Monday, November 17, 2008

Inwood, Park Terrace East Between 217th and 215th Streets

Mary Sargent © 2008 …………………………………….. click to enlarge

Mary Sargent © 2008 …………………………………….. click to enlarge

(continuing from last night) Whereas on the east side of the street, we have these rather utilitarian buildings. They're in two groupings, but look so much alike in structure and materials that they must have been built by the same builder. But look how unfinished the first grouping looks compared to the second one. Not only does the second group have finished tops with architectural elements I don't know the name of, but it has decorative brickwork going down the corners of the building.

Mary Sargent © 2008 …………………………………….. click to enlarge

And just look at the entrance! Embassy, no less.

Which has me wondering. Did they plan it this way from the start and charge cheaper rent in the plainer version? Or were they going to construct them identically and then something happened to prevent it? The war, for example. That's the Second World War to you youngsters. Like, uh, their decorative workers were drafted? They ran out of money? These are the questions I ponder.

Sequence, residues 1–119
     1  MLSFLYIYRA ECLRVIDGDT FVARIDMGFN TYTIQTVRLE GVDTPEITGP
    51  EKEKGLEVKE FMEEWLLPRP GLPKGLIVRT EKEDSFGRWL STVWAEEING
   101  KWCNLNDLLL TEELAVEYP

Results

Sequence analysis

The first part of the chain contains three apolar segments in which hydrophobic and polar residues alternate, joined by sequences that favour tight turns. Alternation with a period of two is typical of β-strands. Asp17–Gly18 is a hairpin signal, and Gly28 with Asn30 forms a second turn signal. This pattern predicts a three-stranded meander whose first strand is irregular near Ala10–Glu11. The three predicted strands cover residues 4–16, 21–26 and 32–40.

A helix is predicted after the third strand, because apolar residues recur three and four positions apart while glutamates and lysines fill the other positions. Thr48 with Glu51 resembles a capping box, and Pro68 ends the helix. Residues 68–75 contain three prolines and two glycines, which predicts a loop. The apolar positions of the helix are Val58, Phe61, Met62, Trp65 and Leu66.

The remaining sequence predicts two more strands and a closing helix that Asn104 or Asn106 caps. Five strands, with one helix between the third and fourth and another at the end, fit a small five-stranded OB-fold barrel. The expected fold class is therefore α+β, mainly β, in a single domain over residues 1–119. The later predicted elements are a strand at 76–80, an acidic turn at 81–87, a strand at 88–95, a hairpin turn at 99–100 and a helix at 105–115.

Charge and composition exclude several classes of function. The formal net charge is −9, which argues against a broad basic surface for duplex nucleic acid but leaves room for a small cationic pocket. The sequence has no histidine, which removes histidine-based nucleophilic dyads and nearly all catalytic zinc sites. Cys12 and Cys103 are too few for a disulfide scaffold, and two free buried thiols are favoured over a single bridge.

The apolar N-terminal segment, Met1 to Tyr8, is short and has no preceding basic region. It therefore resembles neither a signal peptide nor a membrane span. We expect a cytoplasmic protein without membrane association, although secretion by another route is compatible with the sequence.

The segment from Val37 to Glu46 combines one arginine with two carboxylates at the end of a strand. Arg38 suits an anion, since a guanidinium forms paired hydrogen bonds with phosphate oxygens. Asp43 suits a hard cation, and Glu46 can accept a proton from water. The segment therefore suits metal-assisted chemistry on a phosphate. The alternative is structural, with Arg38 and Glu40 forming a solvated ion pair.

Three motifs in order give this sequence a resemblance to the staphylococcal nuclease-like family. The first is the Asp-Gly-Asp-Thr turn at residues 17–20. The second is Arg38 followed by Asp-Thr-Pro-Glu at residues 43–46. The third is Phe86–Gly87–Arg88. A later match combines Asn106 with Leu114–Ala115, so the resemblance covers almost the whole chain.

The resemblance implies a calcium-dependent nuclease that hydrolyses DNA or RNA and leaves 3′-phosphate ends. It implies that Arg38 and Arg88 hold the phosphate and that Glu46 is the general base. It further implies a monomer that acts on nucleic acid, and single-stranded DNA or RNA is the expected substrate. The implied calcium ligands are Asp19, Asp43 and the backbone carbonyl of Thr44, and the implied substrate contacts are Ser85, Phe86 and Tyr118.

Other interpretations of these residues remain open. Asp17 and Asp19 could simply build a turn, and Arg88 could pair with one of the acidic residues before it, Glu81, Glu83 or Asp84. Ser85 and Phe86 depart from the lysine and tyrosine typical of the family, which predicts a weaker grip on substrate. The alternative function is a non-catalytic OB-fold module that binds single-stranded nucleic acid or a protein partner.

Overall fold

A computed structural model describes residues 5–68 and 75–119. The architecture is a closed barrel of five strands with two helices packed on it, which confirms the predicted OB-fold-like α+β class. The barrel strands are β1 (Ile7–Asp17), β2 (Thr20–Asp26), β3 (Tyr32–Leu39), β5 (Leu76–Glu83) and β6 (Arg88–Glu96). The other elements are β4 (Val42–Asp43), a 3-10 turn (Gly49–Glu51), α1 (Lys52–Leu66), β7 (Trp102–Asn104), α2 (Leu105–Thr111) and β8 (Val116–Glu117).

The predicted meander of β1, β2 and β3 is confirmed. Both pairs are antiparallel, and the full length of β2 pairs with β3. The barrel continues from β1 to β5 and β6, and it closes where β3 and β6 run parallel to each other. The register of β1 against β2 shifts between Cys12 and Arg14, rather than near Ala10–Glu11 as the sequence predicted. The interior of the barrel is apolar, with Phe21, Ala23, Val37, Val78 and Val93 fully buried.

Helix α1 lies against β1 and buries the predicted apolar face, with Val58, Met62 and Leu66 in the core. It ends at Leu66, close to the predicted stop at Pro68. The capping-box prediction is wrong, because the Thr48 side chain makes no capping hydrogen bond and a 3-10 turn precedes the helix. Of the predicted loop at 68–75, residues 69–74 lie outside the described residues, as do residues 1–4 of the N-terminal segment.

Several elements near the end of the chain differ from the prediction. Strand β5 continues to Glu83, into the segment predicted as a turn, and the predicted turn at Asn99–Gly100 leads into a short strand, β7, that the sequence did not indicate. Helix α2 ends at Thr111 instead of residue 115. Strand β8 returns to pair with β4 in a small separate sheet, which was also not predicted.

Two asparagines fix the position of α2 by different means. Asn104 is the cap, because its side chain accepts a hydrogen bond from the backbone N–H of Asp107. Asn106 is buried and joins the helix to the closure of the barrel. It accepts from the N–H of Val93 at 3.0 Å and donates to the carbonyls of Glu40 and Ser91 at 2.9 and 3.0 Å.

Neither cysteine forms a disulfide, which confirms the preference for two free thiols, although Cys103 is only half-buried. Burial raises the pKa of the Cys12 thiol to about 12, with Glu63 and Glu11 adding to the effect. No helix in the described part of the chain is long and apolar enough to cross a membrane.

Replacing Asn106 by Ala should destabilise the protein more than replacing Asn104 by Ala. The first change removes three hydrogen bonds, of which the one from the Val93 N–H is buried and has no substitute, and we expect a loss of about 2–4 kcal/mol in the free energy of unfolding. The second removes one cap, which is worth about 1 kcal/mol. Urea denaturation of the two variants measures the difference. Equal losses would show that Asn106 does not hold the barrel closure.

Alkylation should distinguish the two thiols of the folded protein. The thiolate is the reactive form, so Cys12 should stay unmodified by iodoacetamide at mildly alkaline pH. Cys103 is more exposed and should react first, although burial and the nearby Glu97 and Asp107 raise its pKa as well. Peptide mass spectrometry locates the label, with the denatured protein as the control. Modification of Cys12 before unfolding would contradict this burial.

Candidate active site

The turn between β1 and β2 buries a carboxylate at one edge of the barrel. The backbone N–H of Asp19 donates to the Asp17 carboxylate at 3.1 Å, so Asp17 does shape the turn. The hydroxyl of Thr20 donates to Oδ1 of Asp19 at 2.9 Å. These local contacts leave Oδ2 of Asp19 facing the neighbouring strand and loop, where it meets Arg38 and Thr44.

And here's another one. Who named these streets? There's no 216th Street west of Broadway and there's no 217th Street east of Broadway. Did they have a certain number of numbers they had to fit in so that the last street in Manhattan was 220? Were they drunk?

See map.


Anonymous said...

I may or may not be right about this one. But, I believe there was a 217th street East of Broadway until a couple of years ago. The "island" where Broadway and 10th Avenue intersect across from Twin Donuts" used to have a small street that went from Broadway to 10th Avenue. However when they paved over 10th avenue they removed that street and made the island bigger. I think this was 217th street.


Mary Sargent said...

thanks for your comment, JD. I like your story, and I want to believe it, but I'm hesitating because I have a pretty old street map that doesn't have 217th street east of Broadway. But, come to think of it, it also doesn't have 214th Street and I've been on 214th Street. So, maybe so.

Anonymous said...

I think the answer is that the old Kingsbridge trolley depot predates the street grid. They never made a 217th east of Broadway because by the time the Seaman-Drake estate was carved up and 217th was created, there was already a giant streetcar barn that blocked the creation of any 217th east of Broadway.

216th never went west for the same reason -- the Seaman-Drake estate blocked it, and then the Park Terrace Gardens was built, preserving the superblock. 216th never had a chance to exist up on the hill.

Anonymous said...

My grandparents lived in this building. I thought it was beautiful on the inside and well as outside. This is 50 park terrace east. I don't know why it says embassy on the front but I would love to know why.